Saturday, January 27, 2007

Today in Washington. New York Times photo.
Posted by Picasa

Today in Washington

A soldier's boot and a coffin symbolize all the soldiers needlessly killed and maimed, physically and psychologically, by the Iraq war, launched on false pretenses and continued in self-delusion and willed ignorance. Photo: New York Times.
Posted by Picasa

Today in Washington

But not just soldiers have been killed and maimed in the Iraq war. These shoes, being prepared for today's Washington demonstration, symbolize the tens and perhaps hundreds of thousands of civilians killed since the U.S. invaded Iraq. Photo: New York Times.
Posted by Picasa
The Long March

“I grew up during the Vietnam War, but I never protested it and never had my lottery number called to go fight,” said David Quinly, a 54-year-old carpenter from Prairie Village, Kan., who arrived here Friday night with about 50 others after a 23-hour bus ride
“In my view, this one is a war of choice and a war for profit against a culture and people we don’t understand,” Mr. Quinly said. “I knew I had to speak up this time.”

That's from the New York Times report on today's antiwar demonstration in Washington, where "tens of thousands" of protestors focused on the Iraq war. From the podium, Susan Surandon said, according to the Times:

“We need to be talking not just about defunding the war but also about funding the vets,” Ms. Sarandon said, adding that more than 50,000 veterans had been injured while benefits for them continue to be cut.

The Washington Post has this quote:

"When I served in the war, I thought I was serving honorably. Instead, I was sent to war ... for causes that have proved fraudulent," said Iraq war veteran Garett Reppenhagen.

Reuters reports that similiar demonstrations in Los Angeles and San Francisco today were attended by thousands.

Friday, January 26, 2007

African cichlid. Logical.
Posted by Picasa

Very Logical, Captain

Scientists have "discovered" that another species on earth is logical. It's a fish.

Their experiments show that an African cichlid, a spiny-finned fish, demonstrated "transitive inference," or the logic of figuring something out by comparing things.

Thus the fish joins the species that scientists have previously proven are logical: monkeys, rats and birds.

There must be another one. Oh, right.

Posted by Picasa
Is Anyone Listening This Time?

Shortly before the US invaded Iraq, UN inspectors said they hadn't found any WMD but wanted more time to look, as Saddam was finally cooperating. They were ignored.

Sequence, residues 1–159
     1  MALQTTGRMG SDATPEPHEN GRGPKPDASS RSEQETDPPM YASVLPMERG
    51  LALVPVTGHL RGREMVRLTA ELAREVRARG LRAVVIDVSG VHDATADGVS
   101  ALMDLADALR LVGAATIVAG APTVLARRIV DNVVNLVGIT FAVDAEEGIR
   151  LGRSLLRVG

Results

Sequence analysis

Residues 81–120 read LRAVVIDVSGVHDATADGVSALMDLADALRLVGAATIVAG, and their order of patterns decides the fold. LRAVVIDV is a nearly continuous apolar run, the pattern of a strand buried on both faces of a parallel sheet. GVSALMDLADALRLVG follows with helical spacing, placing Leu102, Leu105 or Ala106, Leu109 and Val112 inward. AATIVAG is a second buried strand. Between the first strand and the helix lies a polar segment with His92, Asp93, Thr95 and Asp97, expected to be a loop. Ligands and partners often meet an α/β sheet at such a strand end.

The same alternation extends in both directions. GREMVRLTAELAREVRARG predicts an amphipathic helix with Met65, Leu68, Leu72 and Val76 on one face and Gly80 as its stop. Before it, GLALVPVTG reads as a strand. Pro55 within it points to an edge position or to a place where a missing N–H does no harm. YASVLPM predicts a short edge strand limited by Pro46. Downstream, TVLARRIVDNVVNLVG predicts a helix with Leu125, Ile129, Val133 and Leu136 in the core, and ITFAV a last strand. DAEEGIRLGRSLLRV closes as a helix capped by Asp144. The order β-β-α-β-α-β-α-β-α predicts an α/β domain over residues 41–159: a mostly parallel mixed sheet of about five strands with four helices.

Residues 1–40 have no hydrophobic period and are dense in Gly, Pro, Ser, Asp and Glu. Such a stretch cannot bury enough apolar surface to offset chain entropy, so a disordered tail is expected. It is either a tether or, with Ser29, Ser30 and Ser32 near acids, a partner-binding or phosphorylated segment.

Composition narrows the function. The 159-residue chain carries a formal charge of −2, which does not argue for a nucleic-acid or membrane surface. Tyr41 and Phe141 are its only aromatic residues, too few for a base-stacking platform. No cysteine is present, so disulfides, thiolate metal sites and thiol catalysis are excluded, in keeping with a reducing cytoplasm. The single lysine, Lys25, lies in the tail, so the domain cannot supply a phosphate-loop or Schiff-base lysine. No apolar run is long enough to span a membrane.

Yesterday, a UN inspector said this about Iran:

The head of the U.N. atomic watchdog agency, in an indirect warning to the United States and Israel, said Thursday a military strike on Iran's nuclear facilities would have “catastrophic” consequences and only strengthen Tehran's resolve to make atomic arms.

Will the White House listen this time?

Tuesday, January 23, 2007

Comet McNaught, from
Posted by Picasa

The Climate Crisis

Who is About the Future

This was the "recognition" of the Climate Crisis, the new policy direction, Bush taking the lead on an issue he finally acknowledges, even long after many other authorative voices have proclaimed it the biggest challenge of our time, and a greater global threat than terrorism? Big deal. Bush mentioned climate change in one sentence in his State of the Union.

He talked briefly about alternative energy (which for him includes coal, nuclear and ethanol) and reducing gasoline consumption, but he didn't relate it to the Climate Crisis. This isn't leadership. Like on Iraq, Bush stands virtually alone, except for a few fanatical Climate Crisis deniers. This is one child who's been left way behind.

Because the slow movement towards confronting the Climate Crisis is fast becoming an avalanche. There are small indications: no fewer than 3 stories in today's local paper about the Climate Crisis, a week of recommended and front-page commentaries on daily kos, where the few that were written back when I was one of the writers were largely ignored. But also small-seeming but big indications. A poll saying that three-quarters of the American public wants mandatory regulation of greenhouse gases emissions. And on the eve of the address, a dramatic and detailed letter from some of America's largest corporations, asking for government action to reduce greenhouse gas emissions dramatically.

The letter was signed by CEOs of ten major manufacturing and energy companies, including Alcoa, General Electric, DuPont and Duke Energy. Nor was this just the statement of a general position. It was detailed and technical--as summarized by Blue Climate here. These companies want government regulation to produce something that everybody will have to do (shared sacrifice), and they want to know what they will have to do so they can plan their futures: what kind of investments in what kind of plants and equipment, for example. And they clearly want to be part of the process of creating these regulations, but this time they are asking for it in a public way.

Bush won't lead but the new Speaker of the House will. Nancy Pelosi is making the Climate Crisis a priority, and has established a new House committee to concentrate on it, despite opposition even within her party. Her statement: "It says to the American people, we are about the future."

Sunday, January 21, 2007

Comet with Human Shadow (Canada)
Posted by Picasa

The Climate Crisis

Worse, Sooner